To every reasonable observer out there, our world seems all the more incomprehensible. This is one of the biggest problems of our day. It’s not so much the events per se but rather the way in which these are perceived, broadcast or shared. There is a subtext of fear and anger or passivity and cynicism which gradually consolidates. And here lies the greatest risk: People are getting used to the irrational. The rational sequence is disrupted.
People now suffer from the angst of the pandemic, the angst of economic uncertainty, the angst of geopolitical instability. An entire generation, the people between the ages of 20 and 30, have come to understand the world through a prism that is exceedingly more complex than that of its predecessors, notwithstanding the tectonic changes of the 1980s and 90s.
As Afghanistan sweeps the screens of hundreds of millions of households around the globe, people have already come to accept the idea that “everything is possible.” The idea that every outlandish scenario is a probability that can strike not very far from our middle-class home has become settled in our subconscious for two decades now. Since the 9/11 terror attacks – really, what an abhorrent way to turn the century – the incomprehensible has become part of the new reality.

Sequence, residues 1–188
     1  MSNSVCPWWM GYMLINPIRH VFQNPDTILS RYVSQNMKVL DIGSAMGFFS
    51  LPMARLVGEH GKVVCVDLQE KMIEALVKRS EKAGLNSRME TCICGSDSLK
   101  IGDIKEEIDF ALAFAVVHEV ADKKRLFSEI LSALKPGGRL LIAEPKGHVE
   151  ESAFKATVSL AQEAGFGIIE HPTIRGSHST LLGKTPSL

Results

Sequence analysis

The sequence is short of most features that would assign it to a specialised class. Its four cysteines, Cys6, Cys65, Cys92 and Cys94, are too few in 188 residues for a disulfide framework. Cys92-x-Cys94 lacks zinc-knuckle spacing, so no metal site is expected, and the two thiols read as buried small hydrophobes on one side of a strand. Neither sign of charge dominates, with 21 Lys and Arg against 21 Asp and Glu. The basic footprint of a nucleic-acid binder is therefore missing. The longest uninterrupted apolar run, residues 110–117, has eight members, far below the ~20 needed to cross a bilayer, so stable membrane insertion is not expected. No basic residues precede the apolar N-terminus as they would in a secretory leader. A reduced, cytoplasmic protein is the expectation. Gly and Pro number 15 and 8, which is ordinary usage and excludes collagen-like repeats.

All these years, the world changed rapidly. And while we clearly focus on events, we probably underestimate the psychological dimension of the breakdown. The average citizen around the globe is in a state of shock. The transformation has occurred in a silent and gradual fashion since the beginning of the century. The dissemination of true and false information is turning the citizens of the 21st century into a subject of political experimentation and expediency.
It takes a lot of inner balance, composure, phlegmatism and contemplation to weather that end-of-the-world feeling.
As our world grows more incomprehensible, political opportunism will intensify. It is likely that in our time we will have to bid farewell to our trust in the institutions, the welfare state, and the hierarchy of the postwar order.